Thomas Hardy was born on this day, 2 June, in 1840. (Seventeen years later to the day, composer Edward Elgar would be born.) Let’s raise a glass of something (cider?) to one of the great poets and novelists of English literature.
1. Much of the common perception of Thomas Hardy is incorrect, or, at the very least, inaccurate. Many people, if asked to describe Hardy’s background, would probably paint us a picture of a rustic, poor, and self-educated man who worked his way up the social ladder to become a celebrated author. Whilst his upbringing was certainly rural rather than metropolitan, he wasn’t exactly poor: his father was a successful builder who had six men working for him. They were hardly on the breadline. Whilst it’s true that Hardy’s family lacked the funds to send him to university – instead, he left school at sixteen to train as an architect – he had had a perfectly sufficient school education prior to this. He was hardly an ‘autodidact’, or wholly self-taught, man. As Terry Eagleton puts it in The English Novel: An Introduction, ‘Far from being self-taught, he was considerably better educated than the great majority of men and women of his age. As Raymond Williams sardonically points out, the patronizing adjective “autodidact”, which has been used alike of Hardy, George Eliot and D. H. Lawrence, probably means simply that none of them went to boarding school or Oxbridge.’
2. At his birth, Hardy had been presumed stillborn until the midwife pointed out that the baby lived. Thus the great writer of ironic circumstances and strange twists of ‘fate’ had an appropriate induction into the world. He went on to live – and live for a long time, to the ripe old age of 87.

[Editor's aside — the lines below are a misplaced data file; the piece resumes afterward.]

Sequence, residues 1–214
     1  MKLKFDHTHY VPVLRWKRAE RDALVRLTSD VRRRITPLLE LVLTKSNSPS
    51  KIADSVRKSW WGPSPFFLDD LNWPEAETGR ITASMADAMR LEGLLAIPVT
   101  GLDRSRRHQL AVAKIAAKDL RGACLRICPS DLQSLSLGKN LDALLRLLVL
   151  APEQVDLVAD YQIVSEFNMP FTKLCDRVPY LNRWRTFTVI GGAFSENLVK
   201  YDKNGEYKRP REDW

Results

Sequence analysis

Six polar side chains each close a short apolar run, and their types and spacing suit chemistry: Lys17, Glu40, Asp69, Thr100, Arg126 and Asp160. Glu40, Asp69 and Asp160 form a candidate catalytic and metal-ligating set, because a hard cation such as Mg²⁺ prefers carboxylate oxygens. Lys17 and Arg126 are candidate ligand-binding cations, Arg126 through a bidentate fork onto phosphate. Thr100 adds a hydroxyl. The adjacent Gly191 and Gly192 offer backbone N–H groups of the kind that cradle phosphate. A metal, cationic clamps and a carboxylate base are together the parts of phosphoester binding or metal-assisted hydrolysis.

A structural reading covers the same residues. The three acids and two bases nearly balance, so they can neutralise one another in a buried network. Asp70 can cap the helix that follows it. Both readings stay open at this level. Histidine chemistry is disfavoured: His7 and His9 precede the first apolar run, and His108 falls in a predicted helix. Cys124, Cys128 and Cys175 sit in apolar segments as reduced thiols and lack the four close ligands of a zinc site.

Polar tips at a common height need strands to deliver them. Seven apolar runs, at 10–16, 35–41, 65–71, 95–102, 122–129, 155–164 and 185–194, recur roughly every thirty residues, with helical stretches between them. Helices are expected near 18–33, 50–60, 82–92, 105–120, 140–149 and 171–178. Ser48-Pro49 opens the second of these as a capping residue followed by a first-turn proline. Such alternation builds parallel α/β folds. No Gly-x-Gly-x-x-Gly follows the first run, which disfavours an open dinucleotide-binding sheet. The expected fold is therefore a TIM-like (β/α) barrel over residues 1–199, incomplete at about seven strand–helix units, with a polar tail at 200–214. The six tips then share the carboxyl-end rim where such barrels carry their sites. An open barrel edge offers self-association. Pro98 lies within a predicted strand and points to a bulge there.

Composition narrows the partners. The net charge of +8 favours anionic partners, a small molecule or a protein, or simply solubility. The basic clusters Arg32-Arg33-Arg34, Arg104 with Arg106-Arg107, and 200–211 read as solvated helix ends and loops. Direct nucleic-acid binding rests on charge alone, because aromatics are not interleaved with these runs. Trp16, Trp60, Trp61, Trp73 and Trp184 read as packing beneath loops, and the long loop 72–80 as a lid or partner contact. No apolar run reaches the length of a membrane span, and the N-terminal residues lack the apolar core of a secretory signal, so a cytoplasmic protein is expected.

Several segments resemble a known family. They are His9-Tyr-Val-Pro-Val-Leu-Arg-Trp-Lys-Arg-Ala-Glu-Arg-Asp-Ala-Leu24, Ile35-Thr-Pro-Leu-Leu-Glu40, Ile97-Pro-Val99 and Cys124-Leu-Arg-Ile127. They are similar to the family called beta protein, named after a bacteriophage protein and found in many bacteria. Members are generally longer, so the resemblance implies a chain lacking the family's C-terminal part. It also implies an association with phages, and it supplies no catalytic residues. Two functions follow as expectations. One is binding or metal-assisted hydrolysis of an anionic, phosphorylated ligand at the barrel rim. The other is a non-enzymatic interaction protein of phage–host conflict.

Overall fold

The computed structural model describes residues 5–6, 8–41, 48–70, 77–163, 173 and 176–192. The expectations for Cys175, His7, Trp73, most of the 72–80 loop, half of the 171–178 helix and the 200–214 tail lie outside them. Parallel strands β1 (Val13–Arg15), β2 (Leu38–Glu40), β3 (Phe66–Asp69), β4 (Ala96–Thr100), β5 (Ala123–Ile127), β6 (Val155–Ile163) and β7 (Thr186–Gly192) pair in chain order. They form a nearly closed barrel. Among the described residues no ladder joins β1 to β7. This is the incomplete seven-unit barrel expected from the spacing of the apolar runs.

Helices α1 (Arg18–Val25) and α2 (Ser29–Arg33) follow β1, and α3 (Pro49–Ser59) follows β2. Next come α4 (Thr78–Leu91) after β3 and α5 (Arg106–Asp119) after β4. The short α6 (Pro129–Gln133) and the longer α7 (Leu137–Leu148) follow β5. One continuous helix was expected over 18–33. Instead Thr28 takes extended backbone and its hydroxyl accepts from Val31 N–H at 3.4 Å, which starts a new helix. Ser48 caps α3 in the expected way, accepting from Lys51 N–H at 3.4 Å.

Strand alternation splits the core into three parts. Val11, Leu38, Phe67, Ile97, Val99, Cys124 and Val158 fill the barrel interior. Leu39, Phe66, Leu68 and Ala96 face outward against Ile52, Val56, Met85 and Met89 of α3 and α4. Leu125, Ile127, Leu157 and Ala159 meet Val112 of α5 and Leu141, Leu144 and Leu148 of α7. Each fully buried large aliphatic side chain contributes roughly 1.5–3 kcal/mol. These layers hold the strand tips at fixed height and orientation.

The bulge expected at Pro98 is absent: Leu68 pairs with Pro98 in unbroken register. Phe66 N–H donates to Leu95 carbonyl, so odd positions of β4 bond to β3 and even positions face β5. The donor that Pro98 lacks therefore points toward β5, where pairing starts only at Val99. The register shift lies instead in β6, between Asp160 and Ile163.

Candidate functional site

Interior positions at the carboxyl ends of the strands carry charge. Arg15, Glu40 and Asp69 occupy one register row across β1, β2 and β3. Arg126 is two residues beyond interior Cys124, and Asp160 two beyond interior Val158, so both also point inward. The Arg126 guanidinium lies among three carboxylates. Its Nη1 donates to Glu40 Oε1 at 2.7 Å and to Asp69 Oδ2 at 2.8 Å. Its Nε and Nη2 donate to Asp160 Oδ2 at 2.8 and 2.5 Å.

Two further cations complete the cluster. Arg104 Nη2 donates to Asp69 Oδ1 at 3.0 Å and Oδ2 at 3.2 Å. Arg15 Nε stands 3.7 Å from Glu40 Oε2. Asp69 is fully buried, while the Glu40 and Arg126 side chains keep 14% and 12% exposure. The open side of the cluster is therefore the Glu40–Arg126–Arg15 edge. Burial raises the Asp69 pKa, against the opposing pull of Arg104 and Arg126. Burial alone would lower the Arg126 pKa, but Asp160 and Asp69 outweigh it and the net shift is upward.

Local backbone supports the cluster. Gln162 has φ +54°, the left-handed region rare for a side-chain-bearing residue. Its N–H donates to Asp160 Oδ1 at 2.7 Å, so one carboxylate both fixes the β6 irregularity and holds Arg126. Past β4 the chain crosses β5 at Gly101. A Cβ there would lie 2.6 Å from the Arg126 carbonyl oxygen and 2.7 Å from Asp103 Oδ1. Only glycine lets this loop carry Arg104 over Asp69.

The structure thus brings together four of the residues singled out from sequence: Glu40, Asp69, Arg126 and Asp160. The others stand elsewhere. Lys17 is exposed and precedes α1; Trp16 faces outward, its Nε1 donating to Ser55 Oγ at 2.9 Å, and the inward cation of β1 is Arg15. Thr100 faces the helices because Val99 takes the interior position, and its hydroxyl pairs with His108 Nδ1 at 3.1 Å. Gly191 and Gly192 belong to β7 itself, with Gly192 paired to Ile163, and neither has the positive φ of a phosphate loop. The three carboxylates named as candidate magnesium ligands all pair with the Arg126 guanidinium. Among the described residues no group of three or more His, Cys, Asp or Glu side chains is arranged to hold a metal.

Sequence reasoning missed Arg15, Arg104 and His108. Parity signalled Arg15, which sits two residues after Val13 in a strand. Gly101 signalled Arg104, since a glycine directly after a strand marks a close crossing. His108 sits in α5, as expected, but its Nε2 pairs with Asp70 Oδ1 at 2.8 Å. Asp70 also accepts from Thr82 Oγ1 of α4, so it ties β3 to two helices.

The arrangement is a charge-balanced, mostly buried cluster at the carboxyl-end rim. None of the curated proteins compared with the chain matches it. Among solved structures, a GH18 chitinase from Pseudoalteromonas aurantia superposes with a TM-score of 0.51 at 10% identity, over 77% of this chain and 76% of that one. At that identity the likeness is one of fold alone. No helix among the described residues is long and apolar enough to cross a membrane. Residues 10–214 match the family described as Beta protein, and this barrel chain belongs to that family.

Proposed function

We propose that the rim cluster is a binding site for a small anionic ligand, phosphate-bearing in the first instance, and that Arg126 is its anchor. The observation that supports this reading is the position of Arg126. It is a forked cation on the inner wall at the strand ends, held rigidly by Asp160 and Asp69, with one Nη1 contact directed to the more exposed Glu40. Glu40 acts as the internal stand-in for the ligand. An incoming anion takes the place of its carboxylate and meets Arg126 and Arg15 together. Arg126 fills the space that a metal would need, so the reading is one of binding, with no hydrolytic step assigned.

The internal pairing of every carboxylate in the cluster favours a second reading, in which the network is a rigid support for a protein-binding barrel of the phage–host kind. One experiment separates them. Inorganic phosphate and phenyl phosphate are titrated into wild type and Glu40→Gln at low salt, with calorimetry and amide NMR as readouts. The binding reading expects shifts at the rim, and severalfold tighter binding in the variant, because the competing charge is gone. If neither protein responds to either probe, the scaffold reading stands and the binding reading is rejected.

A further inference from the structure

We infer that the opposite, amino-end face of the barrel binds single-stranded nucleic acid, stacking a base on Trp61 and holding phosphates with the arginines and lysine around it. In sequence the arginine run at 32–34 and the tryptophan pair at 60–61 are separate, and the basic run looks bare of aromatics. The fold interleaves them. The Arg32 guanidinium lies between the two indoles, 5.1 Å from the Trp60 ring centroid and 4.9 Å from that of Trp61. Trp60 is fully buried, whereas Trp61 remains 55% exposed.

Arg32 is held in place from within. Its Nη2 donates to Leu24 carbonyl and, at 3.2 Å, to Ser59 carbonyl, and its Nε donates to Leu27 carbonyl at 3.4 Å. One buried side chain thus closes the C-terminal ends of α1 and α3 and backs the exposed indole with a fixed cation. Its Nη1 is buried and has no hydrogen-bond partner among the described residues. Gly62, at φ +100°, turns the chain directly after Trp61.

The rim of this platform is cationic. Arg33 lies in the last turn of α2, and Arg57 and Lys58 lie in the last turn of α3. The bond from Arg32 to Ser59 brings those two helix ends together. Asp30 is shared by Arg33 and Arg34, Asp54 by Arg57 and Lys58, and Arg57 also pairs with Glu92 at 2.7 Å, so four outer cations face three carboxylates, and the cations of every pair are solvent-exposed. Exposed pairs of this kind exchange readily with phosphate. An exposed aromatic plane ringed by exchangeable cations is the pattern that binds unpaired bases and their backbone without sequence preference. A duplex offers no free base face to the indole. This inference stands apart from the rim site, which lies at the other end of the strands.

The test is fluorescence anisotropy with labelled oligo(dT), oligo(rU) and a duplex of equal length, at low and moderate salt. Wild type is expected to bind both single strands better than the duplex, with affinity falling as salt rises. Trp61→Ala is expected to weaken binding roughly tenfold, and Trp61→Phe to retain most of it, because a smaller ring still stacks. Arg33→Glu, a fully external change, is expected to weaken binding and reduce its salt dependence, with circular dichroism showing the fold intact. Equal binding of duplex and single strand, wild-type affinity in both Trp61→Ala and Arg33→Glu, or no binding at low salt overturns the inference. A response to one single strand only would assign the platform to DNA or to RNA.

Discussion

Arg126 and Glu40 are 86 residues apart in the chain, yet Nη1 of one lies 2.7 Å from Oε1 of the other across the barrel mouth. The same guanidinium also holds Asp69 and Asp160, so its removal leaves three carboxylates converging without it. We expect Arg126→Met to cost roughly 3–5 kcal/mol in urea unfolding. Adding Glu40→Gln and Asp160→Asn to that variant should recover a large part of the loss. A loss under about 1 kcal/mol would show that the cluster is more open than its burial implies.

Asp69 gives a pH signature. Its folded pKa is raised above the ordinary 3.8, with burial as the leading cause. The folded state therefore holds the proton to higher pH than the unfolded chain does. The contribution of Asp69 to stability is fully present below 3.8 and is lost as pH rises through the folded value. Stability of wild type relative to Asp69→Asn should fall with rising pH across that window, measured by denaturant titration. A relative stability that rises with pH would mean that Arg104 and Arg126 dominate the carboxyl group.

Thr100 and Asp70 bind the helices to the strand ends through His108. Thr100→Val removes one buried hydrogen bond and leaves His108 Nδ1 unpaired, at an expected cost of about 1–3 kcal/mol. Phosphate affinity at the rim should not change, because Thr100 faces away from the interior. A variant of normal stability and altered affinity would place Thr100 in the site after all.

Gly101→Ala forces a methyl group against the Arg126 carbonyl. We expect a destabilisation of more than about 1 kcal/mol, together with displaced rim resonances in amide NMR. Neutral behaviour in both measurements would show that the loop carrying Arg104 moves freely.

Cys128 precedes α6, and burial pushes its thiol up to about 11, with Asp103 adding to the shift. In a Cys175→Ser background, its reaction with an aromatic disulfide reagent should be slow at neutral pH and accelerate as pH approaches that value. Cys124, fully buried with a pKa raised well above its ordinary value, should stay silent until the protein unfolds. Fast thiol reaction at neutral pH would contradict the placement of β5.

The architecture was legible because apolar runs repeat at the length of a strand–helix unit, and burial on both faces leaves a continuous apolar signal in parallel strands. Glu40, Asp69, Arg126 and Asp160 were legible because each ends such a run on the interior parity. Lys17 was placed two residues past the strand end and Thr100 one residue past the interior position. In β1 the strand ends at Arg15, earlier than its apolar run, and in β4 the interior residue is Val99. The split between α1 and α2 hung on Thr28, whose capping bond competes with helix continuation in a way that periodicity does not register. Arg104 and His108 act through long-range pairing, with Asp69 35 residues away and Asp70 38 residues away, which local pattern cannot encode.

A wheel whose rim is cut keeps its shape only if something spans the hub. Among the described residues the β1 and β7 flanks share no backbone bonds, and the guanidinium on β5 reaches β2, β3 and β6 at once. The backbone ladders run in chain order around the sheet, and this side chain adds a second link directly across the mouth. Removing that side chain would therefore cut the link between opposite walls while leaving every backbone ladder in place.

3. Hardy had left instructions that his body was to be interred, without great ceremony, in the churchyard in his local village of Stinsford, Dorset. But… The government had other ideas: the author of such classic novels as The Mayor of Casterbridge and The Return of the Native should be buried, with full honour, in Westminster Abbey alongside the likes of Geoffrey Chaucer and Charles Dickens. Eventually, a compromise was reached: Hardy would be interred in Poets’ Corner but his heart would be buried in his native Dorset. (The rumour that Hardy’s heart, which was kept in a biscuit tin prior to burial, was eaten by his cat before it could be interred, is unsubstantiated.)
4. At his funeral in 1928, Hardy’s pallbearers included Rudyard Kipling, George Bernard Shaw, John Galsworthy, A. E. Housman, J. M. Barrie, Edmund Gosse, the Leader of the Opposition, and even the Prime Minister, Stanley Baldwin. He had become part of the literary establishment, although he hadn’t written a novel for over thirty years, after the adverse criticism his 1895 novel Jude the Obscure received from reviewers – and the Bishop of Wakefield, who reportedly burned the book for being immoral. Instead, Hardy had concentrated on poetry in his later life (he had started out as a poet before taking up novel-writing in the early 1870s). He has a reputation for being something of a gloomy author, and it’s true that his favoured – and, it must be said, more artistically successful – mode was the tragic rather than the comic, putting him at odds with many of his fellow Victorian novelists, whose books often end in union and marriage rather than death and isolation. But it might be more accurate to say that, like many great English writers, Hardy enjoyed the fine line that separates comedy from tragedy. ‘All comedy is tragedy, if you only look deep enough into it,’ he opined in a letter to John Addington Symonds in April 1889.
5. The ‘Hardy Monument’ near Weymouth is often assumed to commemorate Thomas Hardy, and it does … but not the writer Thomas Hardy. Instead, the monument memorialises Vice Admiral Thomas Hardy, a commander at the Battle of Trafalgar – the one, in other words, whom Nelson, in his dying moments, wanted to kiss.
Image: Thomas Hardy, Wikimedia Commons, public domain.